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The first piece is titled “Peaceful Transition.” The second is “Sound and Creation,” based on a Noise music track by Ryan Dennison. (Below is an audio performance by Ryan Dennison.)
“Sound and Creation” is the weaving with the audio tape. The audio tape is very thin, the bands within the DNA helix stretched between the spirals. I used it because I was at the time very into Creation stories and the similarities of some of them across cultures, in that a sound or voice was the spark for the initial creation of life or the Universe.
The Bible has the voice of God speaking the phrase, “Let there be light.” In Navajo, we named ourselves and then the components of our world, and only then did they exist.
— Velma Kee Craig
About Velma Kee Craig
Velma Kee Craig (Diné) is Naasht’eezhi Tabaha (Zuni Edgewater) and born for Todich’ii’nii (Bitter Water). Her maternal and paternal grandfathers are Tl’izilani (Many Goats) and Kinya’aanii (Towering House). Velma is from Tonalea, Arizona, and is the oldest of five children. Her parents are Laverne Marks and Larry Kee. Velma grew up on the Navajo reservation and now resides in Mesa, Arizona with her family.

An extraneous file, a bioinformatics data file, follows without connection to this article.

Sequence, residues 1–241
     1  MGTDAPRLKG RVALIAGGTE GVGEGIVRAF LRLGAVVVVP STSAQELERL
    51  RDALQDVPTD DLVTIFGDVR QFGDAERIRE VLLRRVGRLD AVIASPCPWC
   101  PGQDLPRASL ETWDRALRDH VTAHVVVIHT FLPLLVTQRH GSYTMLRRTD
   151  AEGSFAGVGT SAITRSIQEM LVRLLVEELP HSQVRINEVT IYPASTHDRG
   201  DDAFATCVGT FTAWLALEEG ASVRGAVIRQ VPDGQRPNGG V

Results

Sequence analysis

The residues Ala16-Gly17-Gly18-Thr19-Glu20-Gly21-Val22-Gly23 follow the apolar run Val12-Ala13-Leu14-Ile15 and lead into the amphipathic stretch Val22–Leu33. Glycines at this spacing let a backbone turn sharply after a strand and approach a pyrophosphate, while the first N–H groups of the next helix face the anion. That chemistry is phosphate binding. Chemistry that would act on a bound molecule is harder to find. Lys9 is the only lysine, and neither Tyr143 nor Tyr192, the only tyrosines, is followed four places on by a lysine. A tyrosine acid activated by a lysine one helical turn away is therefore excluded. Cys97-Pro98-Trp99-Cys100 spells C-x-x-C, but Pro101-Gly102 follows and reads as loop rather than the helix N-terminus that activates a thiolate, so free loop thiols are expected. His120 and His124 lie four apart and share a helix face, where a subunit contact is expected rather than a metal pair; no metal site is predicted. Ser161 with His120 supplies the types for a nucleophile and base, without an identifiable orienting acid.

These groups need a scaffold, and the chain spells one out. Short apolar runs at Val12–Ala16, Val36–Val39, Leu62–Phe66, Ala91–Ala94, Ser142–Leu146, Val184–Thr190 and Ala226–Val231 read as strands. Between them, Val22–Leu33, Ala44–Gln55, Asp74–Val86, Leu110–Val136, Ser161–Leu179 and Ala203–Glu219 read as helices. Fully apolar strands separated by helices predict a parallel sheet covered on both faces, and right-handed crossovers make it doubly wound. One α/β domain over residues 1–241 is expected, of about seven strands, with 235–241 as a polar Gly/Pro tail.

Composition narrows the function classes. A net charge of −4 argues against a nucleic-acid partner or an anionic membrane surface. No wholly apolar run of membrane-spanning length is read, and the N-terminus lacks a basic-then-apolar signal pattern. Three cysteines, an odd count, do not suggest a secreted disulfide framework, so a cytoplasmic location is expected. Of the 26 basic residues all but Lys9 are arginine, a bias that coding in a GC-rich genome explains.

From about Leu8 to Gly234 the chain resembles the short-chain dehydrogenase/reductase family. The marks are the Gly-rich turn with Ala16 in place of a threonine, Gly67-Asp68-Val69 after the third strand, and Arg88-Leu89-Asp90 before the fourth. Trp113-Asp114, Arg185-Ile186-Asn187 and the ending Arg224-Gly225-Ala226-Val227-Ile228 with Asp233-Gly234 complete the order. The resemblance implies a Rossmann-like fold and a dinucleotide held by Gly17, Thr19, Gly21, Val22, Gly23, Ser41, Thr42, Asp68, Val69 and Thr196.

Velma is a textile artist, a writer of poetry and short screenplays, and a teaching artist. Velma’s weavings have been shown as part of exhibitions such as Connective Tissue: New Approaches to Fiber in Contemporary Native Art; Color Riot! How Color Changed Navajo Textiles; WOVEN: The Art of Contemporary Native Weaving; and WEAVE: construct. code. connect.